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PHSE502 Movement and Performance Analysis in Sport

A mainly (but not entirely) qualitative approach to evaluating and improving sports performance using biomechanics and performance analysis, with a strong focus on intra- and inter-performer movement coordination.

This paper takes an in-depth look at the patterns of motion that arise in sport performance. Building on some of the knowledge gained from PHSE 102 and PHSE 202, movement and coordination patterns, at the biomechanical level, will be covered in greater detail. Analytical tools such as angle-angle diagrams, phase planes, relative phase and neural networks will be explored, with an emphasis on their qualitative interpretation. Students will be introduced to sports performance analysis and, specifically, to notating core elements of sports matches, methods for recording match events and the technology used to track player movements.

Time will also be spent considering current theoretical backgrounds related to coordination at the biomechanical level, as well as at higher levels (i.e. coordination between individuals). Combined with skills gained from other papers in the programme, some students may go on to work as performance analysts for individuals or local sports clubs, while others may continue on to postgraduate research in sports biomechanics or work on more theoretical exercises, such as modelling the complexity in sports performance. Greater emphasis will be put on the final written report in this paper compared to its 300-level version.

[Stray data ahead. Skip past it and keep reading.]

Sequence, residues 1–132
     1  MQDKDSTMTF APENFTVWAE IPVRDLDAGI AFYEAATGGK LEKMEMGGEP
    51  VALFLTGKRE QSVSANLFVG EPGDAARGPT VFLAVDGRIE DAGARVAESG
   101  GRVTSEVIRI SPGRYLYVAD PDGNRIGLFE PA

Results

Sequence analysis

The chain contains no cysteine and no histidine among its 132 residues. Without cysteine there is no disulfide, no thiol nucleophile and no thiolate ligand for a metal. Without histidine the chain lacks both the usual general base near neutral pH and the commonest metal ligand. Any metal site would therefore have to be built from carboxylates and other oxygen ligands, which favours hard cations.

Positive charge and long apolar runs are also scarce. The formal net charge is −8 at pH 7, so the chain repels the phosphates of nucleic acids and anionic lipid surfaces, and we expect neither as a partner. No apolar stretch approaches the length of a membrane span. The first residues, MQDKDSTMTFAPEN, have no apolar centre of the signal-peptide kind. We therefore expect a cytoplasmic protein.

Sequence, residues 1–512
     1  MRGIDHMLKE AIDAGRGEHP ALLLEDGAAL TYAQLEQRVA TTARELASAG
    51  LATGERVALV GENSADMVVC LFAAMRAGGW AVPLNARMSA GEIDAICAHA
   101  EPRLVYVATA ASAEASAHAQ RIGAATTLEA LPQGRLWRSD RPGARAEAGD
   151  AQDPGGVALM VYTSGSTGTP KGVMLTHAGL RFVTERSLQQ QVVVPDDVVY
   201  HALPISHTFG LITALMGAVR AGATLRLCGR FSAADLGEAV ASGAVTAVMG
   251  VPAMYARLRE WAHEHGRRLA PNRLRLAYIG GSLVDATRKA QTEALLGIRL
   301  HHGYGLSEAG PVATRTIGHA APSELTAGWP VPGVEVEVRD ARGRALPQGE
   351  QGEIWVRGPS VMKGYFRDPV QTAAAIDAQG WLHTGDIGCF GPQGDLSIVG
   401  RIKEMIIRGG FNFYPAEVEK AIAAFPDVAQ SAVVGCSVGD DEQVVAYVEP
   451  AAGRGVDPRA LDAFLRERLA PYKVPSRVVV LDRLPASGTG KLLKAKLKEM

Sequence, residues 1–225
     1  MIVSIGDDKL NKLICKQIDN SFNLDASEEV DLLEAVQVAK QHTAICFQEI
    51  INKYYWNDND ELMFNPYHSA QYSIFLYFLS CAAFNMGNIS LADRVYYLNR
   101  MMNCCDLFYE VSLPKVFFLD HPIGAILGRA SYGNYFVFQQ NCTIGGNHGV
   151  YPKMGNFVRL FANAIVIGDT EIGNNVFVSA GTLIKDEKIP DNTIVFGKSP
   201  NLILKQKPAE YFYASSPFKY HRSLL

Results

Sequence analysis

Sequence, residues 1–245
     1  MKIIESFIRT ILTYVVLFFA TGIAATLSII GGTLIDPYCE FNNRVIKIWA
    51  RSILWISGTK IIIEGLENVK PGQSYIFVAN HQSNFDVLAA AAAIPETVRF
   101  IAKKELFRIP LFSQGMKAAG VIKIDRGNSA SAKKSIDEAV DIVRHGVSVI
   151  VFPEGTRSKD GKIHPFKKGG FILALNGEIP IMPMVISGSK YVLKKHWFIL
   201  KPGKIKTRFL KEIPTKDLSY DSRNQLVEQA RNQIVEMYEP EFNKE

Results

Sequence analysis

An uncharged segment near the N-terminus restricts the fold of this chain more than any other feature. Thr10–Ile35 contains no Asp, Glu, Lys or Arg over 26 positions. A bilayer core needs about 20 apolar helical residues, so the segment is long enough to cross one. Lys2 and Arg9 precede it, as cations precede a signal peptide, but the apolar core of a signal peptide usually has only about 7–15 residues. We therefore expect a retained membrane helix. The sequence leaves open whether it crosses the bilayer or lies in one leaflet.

Paper title Movement and Performance Analysis in Sport
Paper code PHSE502
Subject Physical Education
EFTS 0.1667
Points 20 points
Teaching period First Semester
Domestic Tuition Fees (NZD) $1,590.98
International Tuition Fees (NZD) $5,357.07

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PHSE 202
PHSE 302
Limited to
BPhEd(Hons), PGDipOE, PGDipPE, MDanceSt, MPhEd
Suitable for students interested in sports biomechanics, performance analysis, sport coaching or sports science consultancy
Teaching staff
Course Co-ordinator and Lecturer: Dr Peter Lamb
Paper Structure
The paper is broadly divided into two main categories: sports biomechanics and performance analysis. Under sports biomechanics, biomechanical principles and performance models will be reviewed, and new approaches to investigating coordination and movement variability will be introduced. Topics covered within performance analysis include notational analysis, key performance indicators and player tracking technology.
Bartlett, R. (2014). Introduction to sports biomechanics: Analysing human movement patterns. London: Routledge.

Bartlett, R., & Bussey, M. (2012). Sports biomechanics: Reducing injury risk and improving sports performance. London: Routledge.

Hughes, M., & Franks, I. (2015). The essentials of performance analysis. London: Routledge.
Graduate Attributes Emphasised
Lifelong learning, Critical thinking, Information literacy, Self-motivation.
View more information about Otago's graduate attributes.
Learning Outcomes
Students who complete this paper will be able to:
  • Think in-depth about the patterns of movement that underlie successful sports performance
  • Qualitatively assess sports performance
  • Generate reports for expert audiences, such as coaches, sporting bodies or academic journals

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First Semester

Teaching method
This paper is taught On Campus
Learning management system


Stream Days Times Weeks
L1 Monday 11:00-11:50 9-13, 15-22
Wednesday 11:00-11:50 9-13, 15-16, 18-22


Stream Days Times Weeks
Attend one stream from
P1 Tuesday 14:00-16:50 10-11, 15, 18
P2 Thursday 14:00-16:50 10-11, 15, 18